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Jean Gebser. THE EVER-PRESENT ORIGIN. Power Point Presentation for the Seminar on Psychology of Social Development organized by the University of Human Unity, Auroville. Structures of consciousness.

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Jean Gebser

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jean gebser

Jean Gebser



Power Point Presentation

for the Seminar on Psychology of Social Development

organized by the University of Human Unity, Auroville

structures of consciousness
Structures of consciousness
  • Archaic( Primal man, Protanthropos, Purusha of the Rig Veda, Adam Kadmon of the Cabbala, Osiris of the Egyptian-Gnostics)
  • Magic (‘here the primal man becomes the maker’, vital impulse and instinct thus unfold and develop a consciousness in dealing with Nature; witchcraft and sorcery, totem and taboo are the natural means of freeing himself from Nature) (appr. before 10 000 BC)
  • Mythical(brings the awareness of the inner life of the soul, its history and its origin, the primal Myth) (appr. before 2500 BC)
  • Mental (‘It individualizes man from his previously valid world, emphasizing his singularity and making his ego possible.’(p.76) It introduces a perspectival perception of the world (1250-1500 AD) by spatializing time perception; it represents life by conceptualizing it, distancing man from his own nature.)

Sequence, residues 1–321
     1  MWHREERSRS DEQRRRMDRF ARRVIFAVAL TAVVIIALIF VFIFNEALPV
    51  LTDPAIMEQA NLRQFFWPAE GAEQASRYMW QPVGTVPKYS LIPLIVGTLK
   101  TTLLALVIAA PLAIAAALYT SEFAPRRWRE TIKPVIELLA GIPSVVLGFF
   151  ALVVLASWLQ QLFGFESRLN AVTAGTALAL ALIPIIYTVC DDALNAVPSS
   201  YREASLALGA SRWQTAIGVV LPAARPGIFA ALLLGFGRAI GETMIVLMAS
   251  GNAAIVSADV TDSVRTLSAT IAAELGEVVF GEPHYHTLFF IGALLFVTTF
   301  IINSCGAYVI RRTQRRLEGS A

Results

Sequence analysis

• Integral (freedom from all the structures by their transparent rearrangement into one integral oneness of being)
the structures of consciousness in the mandukya upanishad
The structures of consciousness in the Mandukya Upanishad
  • Turiya, the original state of identity of the pure transcendental consciousness and being, which somehow embodies all the three following stages and at the same time transcends them all.
  • Prajñā, a dream without dreaming, pure perception, not marred by the dreams coming from the interaction with the outer or inner world.
  • Svapna, a dream like state with dreams being dreamed.
  • Jāgrata , a wakeful state in the outer consciousness.
The transition from the Magic to the Mythical and Mental structures with respect to the faculties of consciousness
  • Feeling/Hearing
  • Speaking/Imagining
  • Thinking/Seeing

or we can paraphrase it as:

  • perceiving inwardly the nature as part of oneself through feelings and emotions;
  • expressing oneself as the inner soul by speech and imagination, already different from nature (from within to without) ;
  • perceiving outwardly oneself as a distinct part of nature by seeing objectively oneself and others and thinking about it.
transition from mythical to mental thinking
Transition from Mythical to Mental “thinking”
  • The Greek word menis, meaning ‘wrath’ and ‘courage’, comes from the same stem as the word menos, which means ‘resolve’, ‘anger’, ‘courage’ and ‘power’; it is related also to the Latin word mens, which has an unusually complex set of meanings: “intent, anger, thinking, thought, understanding, deliberation, disposition, mentality, imagination”.